We note that under this identification as a map from C to itself,

σz=1z¯.

In particular, on S,1 it is given by zz.

Here is a simple fundamental domain for σ,

F={zC|z|<1}{zC|z|=1,Im z>0}{1}.

A frame function f in a single qubit space corresponds to an arbitrary function ϕ: F → [0, 1] by letting f(a) = ϕ(a) if aF, and since the sum of the values of f over orthogonal vectors is 1, f(a) = 1 − ϕ(σa) if aF.

Let Hn denote n-qubit space. We choose a fundamental domain F for the map zσ(z) = z^ in one qubit. We set Fn = FF ⊗ ⋯ ⊗ F (n copies). Let Ωn = {1, …, n}. If J ⊂ Ωn is a subset, we define σJ = T1T2 ⊗ ⋯ ⊗ Tn with Tj = σ if jJ and Tj=I (identity operator) if jJ. We set Jc = ΩnJ. We note

Σ=JΩnσJ(Fn)

is a disjoint union. If z = z1 ⊗ ⋯ ⊗ znFn, if J ⊂ Ωn, and if Jc = {i1, …, ik} with i1 < i2 < ⋯ < ik, then we set τJ(z)=(zi1,,zik) if J ≠ Ωn; if J = Ωn, then use the symbol ω for the value.

Lemma IV.1.
If f is a function on the product states ofHnsuch that f sums to a fixed constant c on all UOB’s, then for each J ⊂ Ωnthere exists a function ϕJon Fn−|J|(direct product of n − |J| copies of F, F0={ω},ϕΩn(ω)=c) such that if zFn, then
LJf(σL(z))=ϕJ(τJ(z)).

Proof.
After permuting the factors, we may assume that J = {1, …, j}; thus, the sum on the left-hand side is
I{1,,j}f(σI(z1zjzj+1zn)),
which we call b, and note that σI acts only on z1 ⊗ ⋯ ⊗ zj as σ and as I everywhere else. Observing that if the set
Z={σI(z1zjzj+1zn)IJ}
is extended to a UOB by adjoining elements u1, …, ur with r = 2j(2nj − 1), then ∑f(ui) = 1 − b no matter how we found the extension. Also Z is an orthonormal basis of jC2zj+1zn which only depends on zj+1 ⊗ ⋯ ⊗ zn. This proves the result.

Now applying inclusion exclusion, we have in the notation of the previous lemma the following:

Lemma IV.2.
If zFnand if f is a function on the product states satisfying the hypotheses of Lemma IV.1, then
f(σJ(z))=LJ(1)|JL|ϕL(τL(z)).

Proof.
Inclusion exclusion says: Let α and β be functions from the set of all subsets of Ωn to C and such that if J ⊂ Ωn, then
LJα(L)=β(J),
then
α(J)=LJ(1)|JL|β(L)
(cf. Ref. 5). The lemma follows from this assertion by taking α(J) = f(σJ(z)) and β(J) = ϕJ(τJ(z)).

Theorem IV.3.
IfLΩn, let ϕLbe a real-valued function onFnL. Assume thatϕΩn(ω)=c; then, the functionf:HnRdefined by
f(σJ(z))=LJ(1)JLϕL(τL(z))
for J ⊂ Ωnand zFnsatisfies
i=12nf(zi)=c,
ifz1,,z2nis a UOB.

Proof.

We first note that if zFn−1 and J ⊂ {2, …, n}, then

  1. f(aσJ(z)) + f(âσJ(z)) is independent of a.

Indeed,
f(aσJ(z))=LJ(1)J||LϕL(τL(az))
and (if 1 ∈ L, write L = {1} ∪ L′ with L′ ⊂ {2, …, n})
f(âσJ(z))=f(σJ{1}(az))=LJ{1}(1)|J|+1|L|ϕL(τL(az))
=LJ(1)J||LϕL(τL(az))+LJ(1)|J||L|ϕL{1}(τL{1}(az)).
We therefore have
f(aσJ(z))+f(âσJ(z))=LJ(1)|J||L|ϕL{1}(τL{1}(az)).
This proves (1) since τL′∪{1}(az) is independent of a.
We will now prove the theorem by induction on n. If n = 1, the assertion is that if aF, then f(a) + cf(a) = c. So the result is true for n = 1. Now assume the result for n − 1 ≥ 1. We now prove it for n. If aF, then define fa(z) = f(az). Then if JΩ={2,,n} and zFn−1, we have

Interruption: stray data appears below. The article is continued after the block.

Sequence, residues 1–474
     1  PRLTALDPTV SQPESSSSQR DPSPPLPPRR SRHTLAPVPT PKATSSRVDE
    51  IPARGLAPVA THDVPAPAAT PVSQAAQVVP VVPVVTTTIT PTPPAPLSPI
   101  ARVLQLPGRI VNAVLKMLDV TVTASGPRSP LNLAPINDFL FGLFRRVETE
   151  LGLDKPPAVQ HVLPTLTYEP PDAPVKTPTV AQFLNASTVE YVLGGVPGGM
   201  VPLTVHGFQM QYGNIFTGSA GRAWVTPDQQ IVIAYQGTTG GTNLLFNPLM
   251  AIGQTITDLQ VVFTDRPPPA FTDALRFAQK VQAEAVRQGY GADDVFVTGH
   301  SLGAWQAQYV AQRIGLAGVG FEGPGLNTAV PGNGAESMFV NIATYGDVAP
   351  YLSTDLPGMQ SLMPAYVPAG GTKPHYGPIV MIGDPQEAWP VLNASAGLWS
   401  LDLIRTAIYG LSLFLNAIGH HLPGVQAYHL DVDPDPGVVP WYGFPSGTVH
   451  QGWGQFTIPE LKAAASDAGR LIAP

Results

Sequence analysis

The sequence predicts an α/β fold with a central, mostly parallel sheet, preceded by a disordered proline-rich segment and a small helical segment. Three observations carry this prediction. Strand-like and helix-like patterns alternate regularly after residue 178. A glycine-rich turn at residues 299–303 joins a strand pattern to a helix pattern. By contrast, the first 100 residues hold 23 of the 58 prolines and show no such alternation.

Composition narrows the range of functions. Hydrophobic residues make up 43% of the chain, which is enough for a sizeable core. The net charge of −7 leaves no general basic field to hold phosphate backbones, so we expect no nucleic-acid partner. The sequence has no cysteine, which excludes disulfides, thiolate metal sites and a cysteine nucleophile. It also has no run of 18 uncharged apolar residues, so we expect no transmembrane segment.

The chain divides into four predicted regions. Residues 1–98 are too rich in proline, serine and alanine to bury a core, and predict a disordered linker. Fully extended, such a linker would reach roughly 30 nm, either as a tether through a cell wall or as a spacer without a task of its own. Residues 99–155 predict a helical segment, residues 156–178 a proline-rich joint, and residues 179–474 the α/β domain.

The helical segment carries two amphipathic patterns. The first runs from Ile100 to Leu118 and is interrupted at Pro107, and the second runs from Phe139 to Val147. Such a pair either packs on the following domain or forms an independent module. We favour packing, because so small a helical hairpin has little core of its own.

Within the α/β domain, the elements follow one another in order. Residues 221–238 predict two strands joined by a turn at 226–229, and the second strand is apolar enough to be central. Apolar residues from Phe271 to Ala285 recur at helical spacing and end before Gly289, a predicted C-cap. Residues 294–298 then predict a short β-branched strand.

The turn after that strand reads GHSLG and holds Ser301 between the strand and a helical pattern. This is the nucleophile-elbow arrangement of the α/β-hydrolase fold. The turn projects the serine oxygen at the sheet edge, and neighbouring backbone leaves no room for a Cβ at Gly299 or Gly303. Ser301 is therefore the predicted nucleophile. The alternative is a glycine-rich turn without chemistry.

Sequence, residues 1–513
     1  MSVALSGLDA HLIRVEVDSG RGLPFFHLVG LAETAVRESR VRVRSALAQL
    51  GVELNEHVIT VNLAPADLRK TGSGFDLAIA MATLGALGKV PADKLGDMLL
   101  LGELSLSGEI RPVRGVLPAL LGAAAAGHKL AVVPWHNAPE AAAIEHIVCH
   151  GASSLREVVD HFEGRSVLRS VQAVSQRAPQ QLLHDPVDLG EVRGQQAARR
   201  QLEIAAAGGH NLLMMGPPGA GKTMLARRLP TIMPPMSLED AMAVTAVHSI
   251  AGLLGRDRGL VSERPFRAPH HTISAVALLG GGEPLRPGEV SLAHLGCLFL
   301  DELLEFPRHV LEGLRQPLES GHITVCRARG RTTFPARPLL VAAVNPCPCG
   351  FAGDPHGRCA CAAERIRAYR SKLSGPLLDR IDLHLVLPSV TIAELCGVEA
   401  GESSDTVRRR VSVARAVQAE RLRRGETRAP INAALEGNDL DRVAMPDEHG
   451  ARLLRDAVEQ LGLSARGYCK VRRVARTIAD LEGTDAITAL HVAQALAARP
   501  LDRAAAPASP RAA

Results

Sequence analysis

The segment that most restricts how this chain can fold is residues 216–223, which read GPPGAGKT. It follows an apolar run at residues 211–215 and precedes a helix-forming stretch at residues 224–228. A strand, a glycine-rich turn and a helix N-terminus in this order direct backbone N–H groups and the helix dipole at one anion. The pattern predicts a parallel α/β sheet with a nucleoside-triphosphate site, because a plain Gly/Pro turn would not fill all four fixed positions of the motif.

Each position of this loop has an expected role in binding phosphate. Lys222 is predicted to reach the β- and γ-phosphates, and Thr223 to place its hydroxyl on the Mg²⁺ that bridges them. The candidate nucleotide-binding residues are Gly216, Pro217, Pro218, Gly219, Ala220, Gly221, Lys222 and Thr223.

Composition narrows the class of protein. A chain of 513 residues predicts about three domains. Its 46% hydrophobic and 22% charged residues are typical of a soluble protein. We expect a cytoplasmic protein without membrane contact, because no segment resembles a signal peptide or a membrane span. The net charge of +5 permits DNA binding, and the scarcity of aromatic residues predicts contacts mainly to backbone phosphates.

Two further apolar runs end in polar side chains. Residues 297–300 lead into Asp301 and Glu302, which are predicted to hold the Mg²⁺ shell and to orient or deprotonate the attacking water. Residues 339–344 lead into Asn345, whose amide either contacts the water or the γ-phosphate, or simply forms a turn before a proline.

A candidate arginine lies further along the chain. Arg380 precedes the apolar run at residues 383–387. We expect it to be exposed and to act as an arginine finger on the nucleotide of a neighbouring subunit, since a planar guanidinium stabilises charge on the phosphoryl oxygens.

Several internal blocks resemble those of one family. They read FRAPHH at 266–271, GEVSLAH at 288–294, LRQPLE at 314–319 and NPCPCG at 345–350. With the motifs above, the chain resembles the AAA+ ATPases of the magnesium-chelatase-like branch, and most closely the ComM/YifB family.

fa(σJ(z))=LJ(1)JLϕL(τL(az))
and
fa(σΩ(z))=ϕΩ(a).
Thus the inductive hypothesis implies that fa satisfies
i=12n1fa(zi)=ϕΩ(a)
for any UOB {z1,,z2n1} of Hn1.
We are now ready to prove the theorem. Let B={z1,,z2n} be a UOB. Then Theorem 6 in Ref. 3 implies that there exist a1, …, arF, V1, …, Vr orthogonal subspaces of Hn1 such that
Hn1=V1Vr
and uij and vij, j = 1, …, di are the orthonormal basis of Vi consisting of product vectors such that
B={aiuiji=1,,r,j=1,,di}{âiviji=1,,r,j=1,,di}.
For each i, we apply the inductive hypothesis to fai and find that
j=1difai(ui,j)
depends only on ai and Vi and not on the particular orthonormal basis of Vi. Thus we can replace ui,j with vi,j without changing the sum. Now
f(aivi,j)+f(âivij)
is independent of aiby 1. Thus we can replace all of the ai with a fixed element aF without changing the sum. Thus the sum is given by
ijf(avij)+ijf(âvij).
We now observe that if we define
g(z)=f(az)+f(âz),
then [see the Proof of (1)]
g(σJ(z))=LJ(1)|J||L|ϕL{1}(τL{1}(az))
and
JΩg(σJ(z))=c,
for all zFn−1. Finally we can apply the inductive hypothesis to replace the basis {vij} by {σJ(z)∣J ⊂ Ω} with zFn−1 and the theorem is proved.

A consequence of the proof of this theorem is that it suffices to specify a frame function on the highest dimensional component of the space of UOBs. This is described in Ref. 6. A generic UOB in this component is recursively defined as follows.

Definition IV.4.
B={aB1,âB2},

for an arbitrary aF, and where Bi,i=1,2 are again defined in the same manner as B for one less qubit.

Corollary IV.5.
If f is a function on the product state such that there exists a constant c and for every generic UOB, {z1,,z2n}, we have
f(zi)=c,
then the same is true for every UOB.

Proof.